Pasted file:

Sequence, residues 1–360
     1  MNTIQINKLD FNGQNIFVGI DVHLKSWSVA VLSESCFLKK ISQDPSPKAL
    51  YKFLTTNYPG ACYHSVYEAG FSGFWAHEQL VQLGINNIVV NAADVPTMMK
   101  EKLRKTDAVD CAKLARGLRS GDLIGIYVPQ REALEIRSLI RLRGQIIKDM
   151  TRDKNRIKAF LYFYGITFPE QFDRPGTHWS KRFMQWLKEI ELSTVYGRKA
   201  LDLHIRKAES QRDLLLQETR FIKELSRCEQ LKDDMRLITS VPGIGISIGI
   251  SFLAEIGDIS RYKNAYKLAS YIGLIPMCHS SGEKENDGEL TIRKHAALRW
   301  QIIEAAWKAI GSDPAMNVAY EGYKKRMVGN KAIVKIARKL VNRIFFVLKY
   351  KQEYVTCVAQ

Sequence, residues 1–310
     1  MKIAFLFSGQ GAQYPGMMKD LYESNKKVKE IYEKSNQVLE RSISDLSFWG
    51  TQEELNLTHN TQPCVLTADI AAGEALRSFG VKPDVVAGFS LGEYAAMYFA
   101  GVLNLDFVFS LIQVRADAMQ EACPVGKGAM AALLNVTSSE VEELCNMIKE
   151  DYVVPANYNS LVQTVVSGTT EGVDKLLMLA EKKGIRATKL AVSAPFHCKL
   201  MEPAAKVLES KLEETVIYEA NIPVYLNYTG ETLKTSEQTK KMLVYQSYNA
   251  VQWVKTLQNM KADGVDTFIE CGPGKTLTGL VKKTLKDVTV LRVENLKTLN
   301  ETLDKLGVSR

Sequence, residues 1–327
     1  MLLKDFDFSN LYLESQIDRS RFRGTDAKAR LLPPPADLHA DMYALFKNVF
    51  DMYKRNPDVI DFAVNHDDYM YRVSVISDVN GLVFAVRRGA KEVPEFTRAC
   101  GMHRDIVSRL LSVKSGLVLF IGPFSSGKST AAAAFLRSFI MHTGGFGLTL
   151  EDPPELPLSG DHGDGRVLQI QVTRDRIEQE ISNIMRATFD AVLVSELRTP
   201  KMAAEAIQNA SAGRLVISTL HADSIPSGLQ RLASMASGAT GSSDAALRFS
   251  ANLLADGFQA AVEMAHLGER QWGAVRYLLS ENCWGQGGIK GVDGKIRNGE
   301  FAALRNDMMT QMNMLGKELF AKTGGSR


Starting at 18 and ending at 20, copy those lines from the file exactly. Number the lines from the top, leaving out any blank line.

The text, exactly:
Sequence, residues 1–327
     1  MLLKDFDFSN LYLESQIDRS RFRGTDAKAR LLPPPADLHA DMYALFKNVF
    51  DMYKRNPDVI DFAVNHDDYM YRVSVISDVN GLVFAVRRGA KEVPEFTRAC